Although often associated with the workplace, sexual harassment can occur in many contexts. Accordingly, drafters should review a broad spectrum of national legislation to determine where provisions on sexual harassment may need to be included. Around the world, sexual harassment provisions are found in criminal codes, labor codes, health and safety legislation, anti-discrimination and equal opportunity laws, as well as education and licensing statutes, to name a few. Approaches to and Remedies under Sexual Harassment Law – Civil Law, StopVAW, The Advocates for Human Rights.)
In some countries, sexual harassment is addressed through laws related to assault or defamation. This approach is not ideal, however, as it does not recognize the specific gendered aspects of sexual harassment, it does not recognize harassment as a form of discrimination, and it does not provide for specifically tailored remedies. A preferable approach ensures that sexual harassment is included as a specific form of prohibited discrimination in broad-based anti-discrimination legislation. In many national contexts, a code-specific approach is also used, e.g., prohibiting discrimination through the labor code, health and safety legislation, licensing statutes, etc.
CASE STUDY – Pakistan (See also Pakistan Case Study in the Advocacy Section)
In Pakistan, two different laws were proposed to ensure that women in all work environments are fully protected. As in many emerging economies, women in Pakistan work both in the formal and informal sectors, and women’s rights organizations realized that different legislative approaches were needed to ensure protection for women in different sectors of the economy. A 2010 civil law changed the way that claims of sexual harassment are handled in the formal employment sector. The law makes mandatory the implementation of policies that have been voluntarily adopted by many employers, called The Code of Conduct for Gender Justice at the Workplace. The law requires that employers in Pakistan incorporate the Code of Conduct into their workplace policies and establish Inquiry Committees to investigate claims of sexual harassment. A law to amend Pakistan’s Penal Code and Code of Criminal Procedure also expanded the definition of sexual harassment to cover the workplace and increased the penalties for perpetrators. The criminal code amendment was the result of ongoing consultation with women working in the informal sector, such as agriculture and markets, who voiced concern that measures proposed to establish workplace grievance committees, for example, might not work effectively to protect them. The criminal law in Pakistan now allows for a term of imprisonment of up to three years and a fine of up to 500,000 rupees, or both. See: Criminal Law (Amendment) Act, 2009; Nosheen Abbas, Sexual Harassment in Pakistan (Dec. 16, 2009); Protection Against Harassment at the Workplace Act.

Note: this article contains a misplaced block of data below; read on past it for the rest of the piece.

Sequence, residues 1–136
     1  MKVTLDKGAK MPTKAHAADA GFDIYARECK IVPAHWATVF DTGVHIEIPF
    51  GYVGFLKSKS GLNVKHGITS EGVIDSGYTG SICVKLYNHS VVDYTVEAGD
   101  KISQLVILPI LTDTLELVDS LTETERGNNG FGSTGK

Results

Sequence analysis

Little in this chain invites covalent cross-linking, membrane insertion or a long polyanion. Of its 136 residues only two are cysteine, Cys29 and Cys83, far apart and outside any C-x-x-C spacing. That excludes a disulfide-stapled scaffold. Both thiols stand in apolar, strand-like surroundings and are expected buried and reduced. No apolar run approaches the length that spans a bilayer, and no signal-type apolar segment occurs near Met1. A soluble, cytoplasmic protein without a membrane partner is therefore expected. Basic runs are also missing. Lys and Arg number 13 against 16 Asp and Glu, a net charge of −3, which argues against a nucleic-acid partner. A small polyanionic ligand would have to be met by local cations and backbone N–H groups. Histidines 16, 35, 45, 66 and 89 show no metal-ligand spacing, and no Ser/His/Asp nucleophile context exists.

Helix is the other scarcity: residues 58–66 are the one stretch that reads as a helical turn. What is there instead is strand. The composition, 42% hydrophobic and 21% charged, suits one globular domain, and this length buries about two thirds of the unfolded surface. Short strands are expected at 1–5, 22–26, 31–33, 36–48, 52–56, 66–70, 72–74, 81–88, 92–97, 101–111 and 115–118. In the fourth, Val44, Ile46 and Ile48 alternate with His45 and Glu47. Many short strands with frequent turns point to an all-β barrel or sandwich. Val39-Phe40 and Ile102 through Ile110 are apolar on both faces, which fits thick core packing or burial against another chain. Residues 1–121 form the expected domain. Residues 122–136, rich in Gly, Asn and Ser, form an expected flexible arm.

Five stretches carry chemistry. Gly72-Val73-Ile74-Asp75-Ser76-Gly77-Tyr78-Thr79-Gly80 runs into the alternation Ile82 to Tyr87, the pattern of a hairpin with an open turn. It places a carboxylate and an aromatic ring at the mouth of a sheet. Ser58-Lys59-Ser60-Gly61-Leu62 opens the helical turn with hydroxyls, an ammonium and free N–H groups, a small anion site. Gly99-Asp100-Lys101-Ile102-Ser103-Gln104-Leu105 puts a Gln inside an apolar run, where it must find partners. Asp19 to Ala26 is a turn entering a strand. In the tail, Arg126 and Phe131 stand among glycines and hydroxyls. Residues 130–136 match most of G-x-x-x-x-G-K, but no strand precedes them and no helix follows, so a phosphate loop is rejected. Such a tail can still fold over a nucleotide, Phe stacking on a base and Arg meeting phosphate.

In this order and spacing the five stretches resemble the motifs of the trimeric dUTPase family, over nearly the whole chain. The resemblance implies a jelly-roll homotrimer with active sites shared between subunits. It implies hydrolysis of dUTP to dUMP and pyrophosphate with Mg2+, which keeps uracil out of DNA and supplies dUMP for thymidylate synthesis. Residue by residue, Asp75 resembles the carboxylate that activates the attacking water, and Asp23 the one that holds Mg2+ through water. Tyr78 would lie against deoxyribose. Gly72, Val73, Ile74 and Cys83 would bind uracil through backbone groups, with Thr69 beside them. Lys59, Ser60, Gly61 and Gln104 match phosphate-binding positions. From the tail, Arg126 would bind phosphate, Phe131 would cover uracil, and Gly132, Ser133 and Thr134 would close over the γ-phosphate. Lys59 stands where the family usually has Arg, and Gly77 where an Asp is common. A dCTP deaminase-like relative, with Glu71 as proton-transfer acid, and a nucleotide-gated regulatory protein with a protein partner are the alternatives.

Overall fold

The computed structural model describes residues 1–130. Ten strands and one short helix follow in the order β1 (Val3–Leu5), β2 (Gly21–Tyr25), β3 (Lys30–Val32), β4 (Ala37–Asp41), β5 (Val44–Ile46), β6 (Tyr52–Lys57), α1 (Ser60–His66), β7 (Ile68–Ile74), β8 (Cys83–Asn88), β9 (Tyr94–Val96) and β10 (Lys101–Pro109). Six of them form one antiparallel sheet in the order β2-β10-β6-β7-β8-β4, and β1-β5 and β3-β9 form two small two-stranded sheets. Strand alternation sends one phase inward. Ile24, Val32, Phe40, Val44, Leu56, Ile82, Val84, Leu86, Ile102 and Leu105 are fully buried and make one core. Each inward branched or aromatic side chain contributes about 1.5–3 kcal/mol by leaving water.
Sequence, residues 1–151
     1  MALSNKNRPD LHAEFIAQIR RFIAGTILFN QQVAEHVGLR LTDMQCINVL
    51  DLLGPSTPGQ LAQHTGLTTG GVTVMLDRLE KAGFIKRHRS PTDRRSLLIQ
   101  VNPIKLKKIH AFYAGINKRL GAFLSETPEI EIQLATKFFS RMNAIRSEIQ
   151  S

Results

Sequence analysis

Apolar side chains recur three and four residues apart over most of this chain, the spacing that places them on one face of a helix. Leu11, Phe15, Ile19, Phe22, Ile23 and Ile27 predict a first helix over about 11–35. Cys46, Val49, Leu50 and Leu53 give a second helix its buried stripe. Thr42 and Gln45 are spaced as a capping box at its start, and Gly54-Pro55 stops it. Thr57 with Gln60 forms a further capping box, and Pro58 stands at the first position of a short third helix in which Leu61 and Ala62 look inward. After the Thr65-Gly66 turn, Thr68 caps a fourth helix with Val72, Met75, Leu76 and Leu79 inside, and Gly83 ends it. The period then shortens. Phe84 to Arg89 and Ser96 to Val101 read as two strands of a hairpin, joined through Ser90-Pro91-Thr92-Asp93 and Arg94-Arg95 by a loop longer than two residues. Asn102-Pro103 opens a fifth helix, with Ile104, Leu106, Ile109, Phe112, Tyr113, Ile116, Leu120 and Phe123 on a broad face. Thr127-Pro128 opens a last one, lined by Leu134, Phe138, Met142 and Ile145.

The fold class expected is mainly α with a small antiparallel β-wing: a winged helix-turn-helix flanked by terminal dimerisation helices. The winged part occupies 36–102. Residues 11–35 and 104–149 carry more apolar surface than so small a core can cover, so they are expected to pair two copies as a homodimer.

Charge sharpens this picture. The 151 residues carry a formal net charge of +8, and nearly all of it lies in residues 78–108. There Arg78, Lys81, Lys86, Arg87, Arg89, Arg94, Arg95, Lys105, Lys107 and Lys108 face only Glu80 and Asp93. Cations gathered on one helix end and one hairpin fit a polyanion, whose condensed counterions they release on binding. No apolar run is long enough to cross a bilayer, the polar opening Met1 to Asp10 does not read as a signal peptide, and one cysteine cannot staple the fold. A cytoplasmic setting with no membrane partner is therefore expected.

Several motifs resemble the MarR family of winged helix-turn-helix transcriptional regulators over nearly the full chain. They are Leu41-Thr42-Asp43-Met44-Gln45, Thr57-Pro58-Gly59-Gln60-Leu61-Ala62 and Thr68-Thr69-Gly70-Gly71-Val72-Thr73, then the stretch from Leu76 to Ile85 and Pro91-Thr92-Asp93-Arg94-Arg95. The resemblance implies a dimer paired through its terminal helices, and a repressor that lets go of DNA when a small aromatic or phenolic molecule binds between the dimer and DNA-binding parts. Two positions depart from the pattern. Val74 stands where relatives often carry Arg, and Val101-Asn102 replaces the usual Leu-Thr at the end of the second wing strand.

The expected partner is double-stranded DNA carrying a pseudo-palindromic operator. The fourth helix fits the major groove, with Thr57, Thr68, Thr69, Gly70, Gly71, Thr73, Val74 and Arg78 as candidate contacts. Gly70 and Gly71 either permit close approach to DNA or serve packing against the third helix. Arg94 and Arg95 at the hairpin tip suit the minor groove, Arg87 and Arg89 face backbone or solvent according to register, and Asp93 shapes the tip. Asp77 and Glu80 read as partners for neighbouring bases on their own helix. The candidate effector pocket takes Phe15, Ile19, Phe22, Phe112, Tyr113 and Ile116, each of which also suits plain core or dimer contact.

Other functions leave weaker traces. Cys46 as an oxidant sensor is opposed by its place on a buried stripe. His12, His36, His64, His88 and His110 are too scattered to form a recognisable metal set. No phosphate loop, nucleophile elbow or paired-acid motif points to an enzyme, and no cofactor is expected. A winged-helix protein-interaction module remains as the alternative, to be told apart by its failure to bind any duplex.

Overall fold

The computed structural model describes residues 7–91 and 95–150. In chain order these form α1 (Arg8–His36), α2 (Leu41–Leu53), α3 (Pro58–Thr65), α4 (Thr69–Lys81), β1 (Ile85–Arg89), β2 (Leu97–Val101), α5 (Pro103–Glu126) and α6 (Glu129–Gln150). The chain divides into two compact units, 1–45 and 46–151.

In Argentina, sexual harassment is prohibited in Law No. 26485, which addresses discrimination and violence against women generally. However, for public sector employees, sexual harassment was specifically prohibited by Executive Order, No. 2385/93.
In Panama, sexual harassment is addressed in the labor code, the penal code, and in a law specifically prohibiting sexual harassment in public employment. (See: Act No. 9 of 20 June 1994; Act. No. 44 of 1995; Law No. 38 of 2001.
In Israel, sexual harassment is a criminal violation and a civil violation, so perpetrators can be criminally charged as well as sued.
Venezuela’s law specifically addresses sexual harassment as a form of violence against women.
Previous Topic Sources of International Law Related to Sexual Harassment